Sales of the three adult trade segments had a steep decline in April, hurt no doubt by Borders and its going out of business sales. The major houses, who are among the publishers that report to AAP’s monthly sales report, were shipping selectively to Borders on a cash basis during the month and received no money generated by the GOB sales of existing inventory. As a result, sales of adult hardcover fell by 22.7% in April from the 19 companies that report to AAP, while trade paperback sales at 21 houses fell 25.4%. Sales of mass market paperback, for which Borders is an important outlet, plunged 41.6% for the 11 reporting houses. Sales in the children’s/YA segment rose 1.5% in April from 18 houses, but children’s/YA paperback sales declined 7.2%.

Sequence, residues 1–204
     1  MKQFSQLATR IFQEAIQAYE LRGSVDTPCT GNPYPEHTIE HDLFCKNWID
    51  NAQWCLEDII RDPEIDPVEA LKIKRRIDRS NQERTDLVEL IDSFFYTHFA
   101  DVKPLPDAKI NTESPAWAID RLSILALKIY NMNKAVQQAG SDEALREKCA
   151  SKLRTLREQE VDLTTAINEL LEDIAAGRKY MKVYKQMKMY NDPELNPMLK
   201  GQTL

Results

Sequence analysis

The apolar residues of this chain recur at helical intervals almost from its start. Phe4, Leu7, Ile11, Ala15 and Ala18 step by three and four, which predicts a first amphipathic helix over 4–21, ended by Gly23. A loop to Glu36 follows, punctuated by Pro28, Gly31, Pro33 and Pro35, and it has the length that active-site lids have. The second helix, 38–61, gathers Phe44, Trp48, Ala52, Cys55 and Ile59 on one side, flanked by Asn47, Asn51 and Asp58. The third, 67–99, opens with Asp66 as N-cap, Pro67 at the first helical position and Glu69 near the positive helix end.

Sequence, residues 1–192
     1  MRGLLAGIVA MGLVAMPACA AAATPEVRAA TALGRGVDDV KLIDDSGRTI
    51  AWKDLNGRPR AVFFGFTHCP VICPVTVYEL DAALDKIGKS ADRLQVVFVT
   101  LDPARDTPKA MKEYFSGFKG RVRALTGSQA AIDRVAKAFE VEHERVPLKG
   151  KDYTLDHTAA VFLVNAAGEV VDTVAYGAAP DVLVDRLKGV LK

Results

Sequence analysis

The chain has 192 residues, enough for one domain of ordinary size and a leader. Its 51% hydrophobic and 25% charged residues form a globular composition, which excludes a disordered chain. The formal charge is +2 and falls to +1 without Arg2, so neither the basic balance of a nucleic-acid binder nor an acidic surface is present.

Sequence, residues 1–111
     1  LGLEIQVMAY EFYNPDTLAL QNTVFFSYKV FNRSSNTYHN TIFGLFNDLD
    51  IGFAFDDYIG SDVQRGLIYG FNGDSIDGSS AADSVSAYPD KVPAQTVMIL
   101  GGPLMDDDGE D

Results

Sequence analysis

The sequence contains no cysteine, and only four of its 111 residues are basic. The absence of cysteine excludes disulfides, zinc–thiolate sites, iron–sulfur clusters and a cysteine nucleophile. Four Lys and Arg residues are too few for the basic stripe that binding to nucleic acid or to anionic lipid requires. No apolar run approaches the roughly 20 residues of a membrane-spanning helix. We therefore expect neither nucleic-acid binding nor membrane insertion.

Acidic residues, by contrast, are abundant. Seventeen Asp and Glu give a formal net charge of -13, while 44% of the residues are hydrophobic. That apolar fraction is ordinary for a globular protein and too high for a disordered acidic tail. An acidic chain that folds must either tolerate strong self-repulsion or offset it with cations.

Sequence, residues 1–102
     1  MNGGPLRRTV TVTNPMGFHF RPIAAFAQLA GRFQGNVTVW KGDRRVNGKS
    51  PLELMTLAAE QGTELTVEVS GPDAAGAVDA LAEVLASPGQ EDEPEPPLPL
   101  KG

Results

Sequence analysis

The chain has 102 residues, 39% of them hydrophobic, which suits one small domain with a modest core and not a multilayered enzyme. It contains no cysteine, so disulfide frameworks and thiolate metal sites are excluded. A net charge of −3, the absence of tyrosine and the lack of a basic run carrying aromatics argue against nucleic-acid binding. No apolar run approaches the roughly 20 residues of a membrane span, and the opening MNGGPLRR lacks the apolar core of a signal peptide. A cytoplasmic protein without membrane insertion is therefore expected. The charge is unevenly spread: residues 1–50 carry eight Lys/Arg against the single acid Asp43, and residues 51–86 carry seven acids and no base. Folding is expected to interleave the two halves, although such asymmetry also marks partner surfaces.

E-book sales had another strong month, with sales up 157.5%, to $72.8 million from 22 reporting companies. The increase, however, was not enough to offset declines in the print sector and as a result combined print and digital sales of trade books fell 10% at the reporting companies in the month.
For the first four months of the year, the sales decline was less severe. E-book sales were up 162.9% for the period, to $312.9 million, while print sales in the five trade segments were down 18.7%, leading to an overall decline of 4% in the first four months of 2011.